THINK ABOUT: In this paper, the authors propose a model for a ‘perfect’ learning environment, based on their research on the influence of technology and space on learning. When you see the resultant proposed space, does it now feel out-of-date, have you experienced good or poor learning in a similar space, and are there elements that are worth maintaining in new learning space design?
Don’t forget to keep a record of some of your reflections and emerging insights. When you observe learning and teaching examples such as Rylands (2006) and Cairns (2009), you will probably notice different types of activity. What works about the spaces being used for each purpose? What problems are there with the spaces being used? How does the type of space influence teacher and learner behaviour? There are many ideas to consider, and the influences at play create opportunities if we seize them.Discussion Forum: Thinking about spaces
What are the changes in non-digital activities in your day-to-day life, or in your learning environment, which have clearly occurred because of the influence of digital in our lives?
How might we categorise the different ways we use our space in order to better plan for its use for learning?

 

I don’t think there is a ‘perfect’ learning environment. Each school or educational community is very different, requiring different learning spaces to meet the needs of their student users. However, I do think that even in the 4 years since Kuuskorpi, M. & Cabellos González (2011) introduced these proposed space, that it now does indeed look out-of-date. They do acknowledge that”the basic structure of teaching spaces does not seem to have evolved much over the past century” (2011, 2). While there appears to be different learning spaces they are not separated to allow for a variety of simultaneous learning situations . It still looks very traditional with reliance on desks and chairs, and very little open space or comfortable furnishings to provide for such as the ‘seven spaces’ (McIntosh, 2010). However, traditional spaces can still work as seen in the teaching examples of Rylands (2006) and Cairns (2009) which show how the activity is still related very closely to the space. In the Ryland example, the whole class is watching the Myst example from rows of desks. Today, students most probably have 1:1 access to watch the episode themselves. However, the focus on this particular learning session was on engaging the students collaboratively in conversation, not individual immersion in the video. So even today, this learning activity and spacial environment would still be relevant. I liked especially how the teacher sat among the students, and became a facilitator rather than a teacher on the ‘stage’ at the front. It promoted more conversation. The Cairns (2009) video was the opposite, looking at learning in the outdoor environment. I think this type of learning is still not as widely used as it should or could be. Learning is often constrained within the four walls of a classroom. It doesn’t matter which learning space is used, there will be both positive and negative aspects to it, in relation to student learning and behaviour. As Doorley & Witthoft (2012, 4) quote: “Space matters. We read our physical environment like we read a human face”. I believe the main idea is to continually change and modify the learning environment to suit the needs of the activities and the users, or to allow them to change and modify as they require. A classroom should not be in the same design space at the end of the school year, as it began…yet, I am sure this is still often the case. We see this especially in secondary school learning spaces.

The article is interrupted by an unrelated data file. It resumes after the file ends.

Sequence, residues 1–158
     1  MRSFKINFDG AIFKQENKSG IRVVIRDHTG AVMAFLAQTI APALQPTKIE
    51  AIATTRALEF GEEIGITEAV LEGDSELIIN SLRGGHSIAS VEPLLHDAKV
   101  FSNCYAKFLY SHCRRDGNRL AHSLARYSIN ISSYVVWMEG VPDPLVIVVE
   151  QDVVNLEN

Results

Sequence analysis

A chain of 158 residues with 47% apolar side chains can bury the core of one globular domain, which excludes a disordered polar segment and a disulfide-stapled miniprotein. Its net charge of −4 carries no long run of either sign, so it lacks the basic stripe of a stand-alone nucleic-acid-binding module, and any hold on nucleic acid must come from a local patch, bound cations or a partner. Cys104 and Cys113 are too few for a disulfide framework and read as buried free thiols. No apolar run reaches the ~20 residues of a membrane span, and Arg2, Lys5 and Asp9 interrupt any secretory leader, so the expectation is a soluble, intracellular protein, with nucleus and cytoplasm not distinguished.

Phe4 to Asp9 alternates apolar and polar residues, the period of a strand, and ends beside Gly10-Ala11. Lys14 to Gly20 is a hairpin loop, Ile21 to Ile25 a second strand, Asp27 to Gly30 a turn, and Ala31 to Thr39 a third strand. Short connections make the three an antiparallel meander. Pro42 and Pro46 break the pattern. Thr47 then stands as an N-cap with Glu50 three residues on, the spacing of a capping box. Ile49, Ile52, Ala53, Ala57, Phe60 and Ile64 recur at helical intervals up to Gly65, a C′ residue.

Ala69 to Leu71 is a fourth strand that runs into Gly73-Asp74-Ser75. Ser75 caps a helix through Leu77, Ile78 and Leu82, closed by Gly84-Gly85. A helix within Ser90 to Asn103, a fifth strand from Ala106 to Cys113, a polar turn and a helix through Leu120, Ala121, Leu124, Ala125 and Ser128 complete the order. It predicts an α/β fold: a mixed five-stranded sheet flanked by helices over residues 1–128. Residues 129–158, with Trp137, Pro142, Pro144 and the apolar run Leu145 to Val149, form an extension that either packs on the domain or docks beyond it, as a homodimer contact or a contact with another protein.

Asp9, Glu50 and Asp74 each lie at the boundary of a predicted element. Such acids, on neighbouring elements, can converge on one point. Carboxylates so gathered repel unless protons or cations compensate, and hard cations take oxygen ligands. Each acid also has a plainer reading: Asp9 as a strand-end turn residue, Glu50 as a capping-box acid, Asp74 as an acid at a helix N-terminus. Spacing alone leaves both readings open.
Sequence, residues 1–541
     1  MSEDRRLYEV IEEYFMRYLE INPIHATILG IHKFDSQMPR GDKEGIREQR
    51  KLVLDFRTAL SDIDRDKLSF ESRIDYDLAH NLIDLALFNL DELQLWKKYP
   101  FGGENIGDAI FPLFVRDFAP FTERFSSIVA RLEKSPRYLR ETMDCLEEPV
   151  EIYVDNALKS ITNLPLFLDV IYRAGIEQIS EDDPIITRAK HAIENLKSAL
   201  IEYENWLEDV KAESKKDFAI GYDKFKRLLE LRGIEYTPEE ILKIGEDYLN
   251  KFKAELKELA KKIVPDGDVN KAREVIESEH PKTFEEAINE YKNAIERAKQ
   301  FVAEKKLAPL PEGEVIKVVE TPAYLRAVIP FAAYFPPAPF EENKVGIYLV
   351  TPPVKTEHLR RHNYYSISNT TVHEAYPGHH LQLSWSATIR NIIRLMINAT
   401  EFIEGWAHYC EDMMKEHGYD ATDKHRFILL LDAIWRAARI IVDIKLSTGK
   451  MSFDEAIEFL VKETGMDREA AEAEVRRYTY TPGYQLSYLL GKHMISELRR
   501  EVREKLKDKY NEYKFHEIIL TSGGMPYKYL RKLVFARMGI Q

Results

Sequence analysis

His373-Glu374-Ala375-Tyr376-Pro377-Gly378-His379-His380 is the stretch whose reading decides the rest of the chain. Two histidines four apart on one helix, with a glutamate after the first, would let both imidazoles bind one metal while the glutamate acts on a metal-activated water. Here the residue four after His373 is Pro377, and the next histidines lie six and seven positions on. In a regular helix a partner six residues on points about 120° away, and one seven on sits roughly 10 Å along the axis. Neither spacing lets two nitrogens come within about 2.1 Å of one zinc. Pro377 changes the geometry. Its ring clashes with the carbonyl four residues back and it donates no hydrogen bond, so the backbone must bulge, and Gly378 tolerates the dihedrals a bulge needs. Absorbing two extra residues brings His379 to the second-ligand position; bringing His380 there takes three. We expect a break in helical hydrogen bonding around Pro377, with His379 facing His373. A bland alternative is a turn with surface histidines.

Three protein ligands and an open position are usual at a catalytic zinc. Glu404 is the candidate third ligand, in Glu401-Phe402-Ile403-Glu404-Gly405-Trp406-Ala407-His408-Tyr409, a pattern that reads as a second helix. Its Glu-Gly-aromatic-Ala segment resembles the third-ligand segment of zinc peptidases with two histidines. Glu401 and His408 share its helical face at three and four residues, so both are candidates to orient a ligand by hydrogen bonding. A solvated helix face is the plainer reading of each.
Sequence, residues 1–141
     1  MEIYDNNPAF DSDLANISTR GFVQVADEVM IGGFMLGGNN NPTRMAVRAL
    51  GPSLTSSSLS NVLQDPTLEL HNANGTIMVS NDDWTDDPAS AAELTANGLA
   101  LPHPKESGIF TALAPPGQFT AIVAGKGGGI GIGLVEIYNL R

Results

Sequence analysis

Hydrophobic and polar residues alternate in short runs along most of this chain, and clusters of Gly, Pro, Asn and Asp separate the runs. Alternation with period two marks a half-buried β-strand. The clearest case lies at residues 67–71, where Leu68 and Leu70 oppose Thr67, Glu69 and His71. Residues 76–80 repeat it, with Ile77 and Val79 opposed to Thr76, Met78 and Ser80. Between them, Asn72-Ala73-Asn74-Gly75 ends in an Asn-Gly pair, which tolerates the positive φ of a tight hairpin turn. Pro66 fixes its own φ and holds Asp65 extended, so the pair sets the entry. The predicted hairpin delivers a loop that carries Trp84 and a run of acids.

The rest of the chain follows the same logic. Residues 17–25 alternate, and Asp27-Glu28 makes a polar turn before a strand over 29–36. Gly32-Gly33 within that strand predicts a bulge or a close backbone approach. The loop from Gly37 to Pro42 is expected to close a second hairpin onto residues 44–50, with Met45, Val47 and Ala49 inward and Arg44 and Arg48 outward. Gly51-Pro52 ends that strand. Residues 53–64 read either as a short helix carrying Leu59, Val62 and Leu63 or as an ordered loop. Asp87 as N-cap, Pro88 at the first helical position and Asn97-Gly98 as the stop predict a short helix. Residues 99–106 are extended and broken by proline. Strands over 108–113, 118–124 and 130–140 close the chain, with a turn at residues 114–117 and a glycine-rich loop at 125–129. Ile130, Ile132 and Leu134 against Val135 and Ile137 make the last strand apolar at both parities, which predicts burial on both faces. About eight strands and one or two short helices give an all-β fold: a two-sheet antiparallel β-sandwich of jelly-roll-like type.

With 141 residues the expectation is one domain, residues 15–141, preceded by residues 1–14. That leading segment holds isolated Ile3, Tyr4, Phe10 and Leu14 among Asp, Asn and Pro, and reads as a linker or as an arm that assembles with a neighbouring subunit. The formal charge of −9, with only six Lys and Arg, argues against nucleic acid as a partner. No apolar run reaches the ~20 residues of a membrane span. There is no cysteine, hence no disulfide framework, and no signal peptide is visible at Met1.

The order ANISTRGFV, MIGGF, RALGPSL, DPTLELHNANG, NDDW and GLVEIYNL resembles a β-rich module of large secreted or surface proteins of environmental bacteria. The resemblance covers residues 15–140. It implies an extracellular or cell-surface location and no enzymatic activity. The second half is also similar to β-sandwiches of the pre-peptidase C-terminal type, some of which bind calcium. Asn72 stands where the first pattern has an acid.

Thinking about changes in non-digital activities in my day-to-day life teaching/ learning environment, which have clearly occurred because of the influence of digital in our lives is very clear. I teach in the classroom rather than having the students come to the library for a number of reasons, including technology, time and space. The schedule is so constrained that having movement between class and library space would lose learning time. So, I go to the classroom. Students also have access to 1:1 ipad and IWB, and the classroom space does not have to compete with multiple users and hence acoustic distractions.

So, how might we categorize the different ways we use our space in order to better plan for its use for learning? I do like the seven spaces of Locke and McIntosh, in this module. I think whichever way we define it, we need to consider it in relation to different learning styles of our students, the purpose of the activity and the space – having spaces for individual, quiet reflection; noisy collaborative group work; whole class and small group work spaces; spaces for hands-on inquiry.

References: 

Doorley, D., & Witthoft, S. (2012). Make space: How to set the stage for creative collaboration. John Wiley & Sons.

Kuuskorpi, M. & Cabellos González, N. (2011),The future of the physical learning environment: School facilities that support the User, CELE Exchange, Centre for Effective Learning Environments, 2011/11, OECD Publishing. Retrieved from: http://dx.doi.org/10.1787/5kg0lkz2d9f2-en

McIntosh, E. (2010). Clicks and bricks: How school buildings influence future practice and technology adoption,Educational Facility Planner, Volume 45, Issues 1 & 2. CEFPI. Retrieved from http://media.cefpi.org/efp/EFP45-1and2McIntosh.pdf

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